The song is recognized by American Film Institute in this list:


Television remake

Main article: Beaches (2017 film)

Lifetime announced a remake of the film, which aired on January 22, 2017. The updated version was directed by Allison Anders with the script by Bart Barker and Nikole Beckwith, and Idina Menzel plays the role of C.C.[16][17] Nia Long plays the role of Hillary alongside Menzel. The film includes the songs "Wind Beneath My Wings" and "The Glory of Love".[18][19]

Stage adaptation

A musical stage adaptation has been written, based on the book by Iris Rainer Dart, with lyrics and book by Dart and Thom Thomas (book) and music by David Austin. The musical premiered at the Signature Theatre, Arlington, Virginia in February 2014. The musical was directed by Eric D. Schaeffer, with Alysha Umphress as Cee Cee Bloom and Mara Davi as Bertie White.[20][21]

The musical next opened at the Drury Lane Theatre, Oakbrook, Illinois, in June 2015 (previews). Again directed by Schaeffer, Shoshana Bean plays Cee Cee and Whitney Bashor plays Bertie.[22] The choreographer is Lorin Latarro, with scenic design by Derek McLane, lighting design by Howell Binkley, costume design by Alejo Vietti and sound design by Kai Harada.[23]

Cancelled sequel

A sequel, based on the 1991 novel Beaches II: I'll Be There was planned with Barbara Eden but never filmed.


  1. ^ "Beaches (15)". British Board of Film Classification. March 13, 1989. Retrieved November 29, 2016.
  2. ^ "Beaches (1988)". The Wrap. March 19, 2009. Archived from the original on August 5, 2017. Retrieved April 4, 2013.
  3. ^ "Beaches (1988) - Financial Information". The Numbers.
  4. ^ Kraft, Randy (June 27, 2016). "Crystal Cove: The Secrets Behind Your Favorite Beach". Pelican Hill Magazine. Newport Beach: The Irvine Company. Retrieved January 1, 2020.
  5. ^ "Beaches (1988)". Box Office Mojo. Retrieved April 29, 2013.
  6. ^ "Beaches (1988)". Rotten Tomatoes. Fandango Media. Retrieved October 18, 2022.
  7. ^ Ebert, Roger (January 13, 1989). "Beaches Movie Review & Film Summary". Retrieved December 31, 2019.
  8. ^ a b c Siskel, Gene (January 13, 1989). "'Beaches' a Slow-Speed, Emotional Roller Coaster". Chicago Tribune. Retrieved December 31, 2019.
  9. ^ a b c Boyar, Jay (January 14, 1989). "Beaches: No Day at the Ocean". Orlando Sentinel. Retrieved December 31, 2019.
  10. ^ a b c Kehr, Dave (January 13, 1989). "In 'Beaches', Music Is Fine". Chicago Tribune. Retrieved December 31, 2019.
  11. ^ a b c Benson, Sheila (December 23, 1988). "Wallowing in Waves of 'Beaches' Emotion". Los Angeles Times. Retrieved December 31, 2019.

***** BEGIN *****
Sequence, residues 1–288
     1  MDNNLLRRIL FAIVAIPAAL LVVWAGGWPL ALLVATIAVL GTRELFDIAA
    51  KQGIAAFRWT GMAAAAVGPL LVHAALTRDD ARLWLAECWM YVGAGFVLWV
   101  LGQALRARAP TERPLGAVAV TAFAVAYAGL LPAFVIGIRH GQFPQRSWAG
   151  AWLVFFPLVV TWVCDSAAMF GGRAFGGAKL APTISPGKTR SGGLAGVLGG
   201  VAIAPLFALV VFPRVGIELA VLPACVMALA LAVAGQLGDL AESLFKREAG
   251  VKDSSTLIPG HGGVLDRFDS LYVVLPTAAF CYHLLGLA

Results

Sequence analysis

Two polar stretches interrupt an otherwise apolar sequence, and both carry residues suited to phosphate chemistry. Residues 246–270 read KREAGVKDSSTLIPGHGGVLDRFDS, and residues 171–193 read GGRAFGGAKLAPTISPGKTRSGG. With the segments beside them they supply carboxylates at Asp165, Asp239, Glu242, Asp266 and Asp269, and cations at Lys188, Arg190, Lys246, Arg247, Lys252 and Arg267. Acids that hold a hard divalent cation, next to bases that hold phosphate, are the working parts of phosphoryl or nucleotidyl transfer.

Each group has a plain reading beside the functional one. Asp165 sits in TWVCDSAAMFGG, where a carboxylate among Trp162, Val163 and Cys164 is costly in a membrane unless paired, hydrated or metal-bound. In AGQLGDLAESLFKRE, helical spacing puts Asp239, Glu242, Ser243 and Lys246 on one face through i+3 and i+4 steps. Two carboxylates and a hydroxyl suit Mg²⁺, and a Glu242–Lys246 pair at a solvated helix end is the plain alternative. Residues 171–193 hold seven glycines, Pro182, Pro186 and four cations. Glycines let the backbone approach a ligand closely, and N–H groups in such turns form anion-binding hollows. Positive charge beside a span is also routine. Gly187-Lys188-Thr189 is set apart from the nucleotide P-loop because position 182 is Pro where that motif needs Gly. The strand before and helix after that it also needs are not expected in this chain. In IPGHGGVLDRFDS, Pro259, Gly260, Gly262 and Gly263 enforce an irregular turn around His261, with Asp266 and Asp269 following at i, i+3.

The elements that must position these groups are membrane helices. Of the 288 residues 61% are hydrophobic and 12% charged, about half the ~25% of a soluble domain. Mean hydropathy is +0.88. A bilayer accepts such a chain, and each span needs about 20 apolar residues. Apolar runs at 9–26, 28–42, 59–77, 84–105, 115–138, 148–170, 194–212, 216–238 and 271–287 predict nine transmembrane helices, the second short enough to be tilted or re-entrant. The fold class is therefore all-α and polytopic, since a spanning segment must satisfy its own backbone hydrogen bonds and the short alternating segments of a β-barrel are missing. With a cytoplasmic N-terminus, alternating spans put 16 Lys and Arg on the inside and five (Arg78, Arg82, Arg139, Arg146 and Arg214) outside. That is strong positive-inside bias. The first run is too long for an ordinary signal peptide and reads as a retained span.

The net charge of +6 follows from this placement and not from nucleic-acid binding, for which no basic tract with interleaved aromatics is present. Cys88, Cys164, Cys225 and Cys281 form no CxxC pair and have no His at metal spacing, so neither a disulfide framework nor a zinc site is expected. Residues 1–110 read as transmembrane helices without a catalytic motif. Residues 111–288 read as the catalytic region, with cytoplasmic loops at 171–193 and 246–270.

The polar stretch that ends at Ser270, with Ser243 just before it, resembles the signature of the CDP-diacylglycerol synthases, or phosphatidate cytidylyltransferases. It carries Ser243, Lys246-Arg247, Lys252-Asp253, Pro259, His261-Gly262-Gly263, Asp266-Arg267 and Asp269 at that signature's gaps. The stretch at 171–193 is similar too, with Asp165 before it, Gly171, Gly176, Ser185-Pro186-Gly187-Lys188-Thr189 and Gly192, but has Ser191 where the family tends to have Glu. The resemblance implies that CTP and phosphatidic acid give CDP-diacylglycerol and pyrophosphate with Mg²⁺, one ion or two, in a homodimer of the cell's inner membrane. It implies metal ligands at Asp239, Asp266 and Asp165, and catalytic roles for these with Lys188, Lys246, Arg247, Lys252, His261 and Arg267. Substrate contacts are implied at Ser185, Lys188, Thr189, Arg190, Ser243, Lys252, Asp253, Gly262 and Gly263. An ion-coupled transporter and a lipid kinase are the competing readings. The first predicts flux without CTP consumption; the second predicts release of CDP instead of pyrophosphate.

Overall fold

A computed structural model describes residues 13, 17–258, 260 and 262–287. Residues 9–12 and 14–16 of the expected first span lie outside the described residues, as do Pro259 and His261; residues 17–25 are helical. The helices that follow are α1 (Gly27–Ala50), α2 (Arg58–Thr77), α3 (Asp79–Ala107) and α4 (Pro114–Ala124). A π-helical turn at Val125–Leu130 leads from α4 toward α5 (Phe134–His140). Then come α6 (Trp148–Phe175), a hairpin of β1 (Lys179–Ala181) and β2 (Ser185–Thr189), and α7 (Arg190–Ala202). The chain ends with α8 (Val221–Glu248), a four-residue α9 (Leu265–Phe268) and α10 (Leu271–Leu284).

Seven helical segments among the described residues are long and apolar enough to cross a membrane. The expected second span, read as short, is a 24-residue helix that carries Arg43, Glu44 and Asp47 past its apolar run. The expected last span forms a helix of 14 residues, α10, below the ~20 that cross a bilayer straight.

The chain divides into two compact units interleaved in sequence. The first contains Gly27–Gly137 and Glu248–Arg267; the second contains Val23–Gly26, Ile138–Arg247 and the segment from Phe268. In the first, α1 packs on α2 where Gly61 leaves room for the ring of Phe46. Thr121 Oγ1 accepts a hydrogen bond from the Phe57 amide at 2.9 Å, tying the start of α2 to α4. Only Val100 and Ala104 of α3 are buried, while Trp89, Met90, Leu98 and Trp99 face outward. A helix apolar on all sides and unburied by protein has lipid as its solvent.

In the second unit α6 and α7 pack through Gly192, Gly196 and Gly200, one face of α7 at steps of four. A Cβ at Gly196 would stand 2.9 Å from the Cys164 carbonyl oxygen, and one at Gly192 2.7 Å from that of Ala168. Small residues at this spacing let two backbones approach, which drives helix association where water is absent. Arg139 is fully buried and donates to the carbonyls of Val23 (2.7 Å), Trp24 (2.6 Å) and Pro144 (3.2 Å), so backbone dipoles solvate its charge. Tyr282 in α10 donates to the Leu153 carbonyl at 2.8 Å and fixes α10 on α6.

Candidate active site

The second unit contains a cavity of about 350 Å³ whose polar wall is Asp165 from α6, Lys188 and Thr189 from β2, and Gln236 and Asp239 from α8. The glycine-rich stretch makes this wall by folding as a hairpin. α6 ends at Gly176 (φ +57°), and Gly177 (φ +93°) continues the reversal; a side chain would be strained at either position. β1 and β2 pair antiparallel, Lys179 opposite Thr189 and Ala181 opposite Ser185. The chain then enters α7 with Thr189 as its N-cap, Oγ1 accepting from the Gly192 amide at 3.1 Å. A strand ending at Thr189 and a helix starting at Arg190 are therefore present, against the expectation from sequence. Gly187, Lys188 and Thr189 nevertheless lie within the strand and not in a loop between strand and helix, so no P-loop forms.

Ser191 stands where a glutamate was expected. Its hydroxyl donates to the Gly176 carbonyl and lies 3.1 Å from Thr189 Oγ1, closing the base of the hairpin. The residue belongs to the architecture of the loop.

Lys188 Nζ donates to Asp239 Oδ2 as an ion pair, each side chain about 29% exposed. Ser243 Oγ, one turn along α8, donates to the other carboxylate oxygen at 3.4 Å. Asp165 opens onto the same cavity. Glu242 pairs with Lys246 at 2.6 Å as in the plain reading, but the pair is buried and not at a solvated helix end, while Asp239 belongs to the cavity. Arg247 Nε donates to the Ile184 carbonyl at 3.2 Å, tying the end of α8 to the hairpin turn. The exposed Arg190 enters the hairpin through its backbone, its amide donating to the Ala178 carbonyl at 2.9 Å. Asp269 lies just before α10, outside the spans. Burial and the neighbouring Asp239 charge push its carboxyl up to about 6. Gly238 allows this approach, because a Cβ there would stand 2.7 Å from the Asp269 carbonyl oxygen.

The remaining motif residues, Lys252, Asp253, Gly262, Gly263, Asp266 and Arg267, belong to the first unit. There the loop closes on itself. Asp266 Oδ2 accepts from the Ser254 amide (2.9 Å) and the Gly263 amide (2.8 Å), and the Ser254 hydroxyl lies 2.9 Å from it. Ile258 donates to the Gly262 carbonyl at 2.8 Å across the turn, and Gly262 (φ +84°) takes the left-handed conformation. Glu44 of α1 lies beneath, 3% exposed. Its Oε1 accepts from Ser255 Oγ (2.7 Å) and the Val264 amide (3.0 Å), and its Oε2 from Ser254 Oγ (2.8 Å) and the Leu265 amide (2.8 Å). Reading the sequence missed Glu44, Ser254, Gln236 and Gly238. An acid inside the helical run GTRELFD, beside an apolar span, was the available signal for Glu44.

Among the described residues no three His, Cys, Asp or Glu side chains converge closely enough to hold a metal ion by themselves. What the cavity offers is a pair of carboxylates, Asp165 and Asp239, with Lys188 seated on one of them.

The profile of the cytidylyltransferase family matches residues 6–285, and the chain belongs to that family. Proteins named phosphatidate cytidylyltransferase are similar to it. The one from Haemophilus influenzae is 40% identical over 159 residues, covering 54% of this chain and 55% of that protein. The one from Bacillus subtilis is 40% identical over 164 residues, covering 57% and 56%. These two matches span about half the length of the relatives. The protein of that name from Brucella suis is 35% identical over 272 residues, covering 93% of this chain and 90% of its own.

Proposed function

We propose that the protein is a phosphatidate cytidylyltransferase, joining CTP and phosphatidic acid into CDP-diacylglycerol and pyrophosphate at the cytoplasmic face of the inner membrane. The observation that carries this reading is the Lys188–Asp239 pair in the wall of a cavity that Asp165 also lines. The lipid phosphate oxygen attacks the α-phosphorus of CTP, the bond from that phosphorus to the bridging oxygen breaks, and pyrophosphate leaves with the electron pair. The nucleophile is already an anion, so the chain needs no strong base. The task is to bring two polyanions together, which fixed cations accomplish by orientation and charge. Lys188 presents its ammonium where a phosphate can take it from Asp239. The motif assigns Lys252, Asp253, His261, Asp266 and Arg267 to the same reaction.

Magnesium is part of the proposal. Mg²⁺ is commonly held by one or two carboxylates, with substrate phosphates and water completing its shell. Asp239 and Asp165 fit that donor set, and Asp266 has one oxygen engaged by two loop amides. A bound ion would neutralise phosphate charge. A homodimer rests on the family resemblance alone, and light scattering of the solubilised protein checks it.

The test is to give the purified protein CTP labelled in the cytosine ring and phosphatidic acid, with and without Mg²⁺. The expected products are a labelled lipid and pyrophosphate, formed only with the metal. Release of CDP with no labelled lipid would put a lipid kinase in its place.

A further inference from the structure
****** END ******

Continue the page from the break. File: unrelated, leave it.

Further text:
12. ^ Hale, Mike (January 20, 2017). "Review: They've, Sob, Remade 'Beaches'". The New York Times. Retrieved December 31, 2019.
  13. ^ Lowry, Brian (January 20, 2017). "'Beaches' Remake Doesn't Achieve Liftoff on Lifetime". CNN Entertainment. Retrieved December 31, 2019.
  14. ^ "The 61st Academy Awards (1989) Nominees and Winners". Archived from the original on July 6, 2011. Retrieved July 31, 2011.
  15. ^ "AFI's 100 Years...100 Songs" (PDF). American Film Institute. Retrieved July 30, 2016.
  16. ^ Andreeva, Nellie (July 28, 2016). "'Beaches' Movie Remake Starring Idina Menzel Greenlighted By Lifetime". Deadline Hollywood. Retrieved July 29, 2016.
  17. ^ Rice, Lynette (July 28, 2016). "Idina Menzel to play Bette Midler's 'Beaches' role for Lifetime". Entertainment Weekly. Retrieved September 25, 2016.
  18. ^ Gioia, Michael (August 25, 2016). "Will 'Beaches' Remake, Starring Idina Menzel, Include New Scenes?". Playbill. Retrieved September 25, 2016.
  19. ^ Jancelewicz, Chris (January 20, 2017). "'Beaches' Lifetime movie: 2017 remake puts new spin on old classic". Global News. Retrieved March 22, 2018.
  20. ^ Marzullo, Joseph (February 11, 2014). "PHOTO EXCLUSIVE: Alysha Umphress and Mara Davi Rehearse Signature Theatre's 'Beaches'". Playbill. Retrieved July 13, 2015.
  21. ^ Draut, Tiffany (March 4, 2014). "'Beaches' at Signature Theatre". DC Metro Theater Arts. Retrieved July 13, 2015.
  22. ^ Weiss, Hedy (July 3, 2015). "Test Of True Friendship Drives Emotional 'Beaches' Musical". Chicago Sun-Times. Archived from the original on July 9, 2015. Retrieved July 13, 2015.
  23. ^ Gioia, Michael (July 2, 2015). "Broadway-Bound 'Beaches', Starring Shoshana Bean and Whitney Bashor, Opens Tonight". Playbill. Retrieved July 13, 2015.